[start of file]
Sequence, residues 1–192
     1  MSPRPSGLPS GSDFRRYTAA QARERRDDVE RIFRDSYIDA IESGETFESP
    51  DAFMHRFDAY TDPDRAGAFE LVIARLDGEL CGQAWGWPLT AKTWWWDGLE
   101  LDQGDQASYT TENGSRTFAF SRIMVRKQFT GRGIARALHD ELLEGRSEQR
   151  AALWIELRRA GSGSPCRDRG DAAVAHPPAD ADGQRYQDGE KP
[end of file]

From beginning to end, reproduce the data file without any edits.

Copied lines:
Sequence, residues 1–192
     1  MSPRPSGLPS GSDFRRYTAA QARERRDDVE RIFRDSYIDA IESGETFESP
    51  DAFMHRFDAY TDPDRAGAFE LVIARLDGEL CGQAWGWPLT AKTWWWDGLE
   101  LDQGDQASYT TENGSRTFAF SRIMVRKQFT GRGIARALHD ELLEGRSEQR
   151  AALWIELRRA GSGSPCRDRG DAAVAHPPAD ADGQRYQDGE KP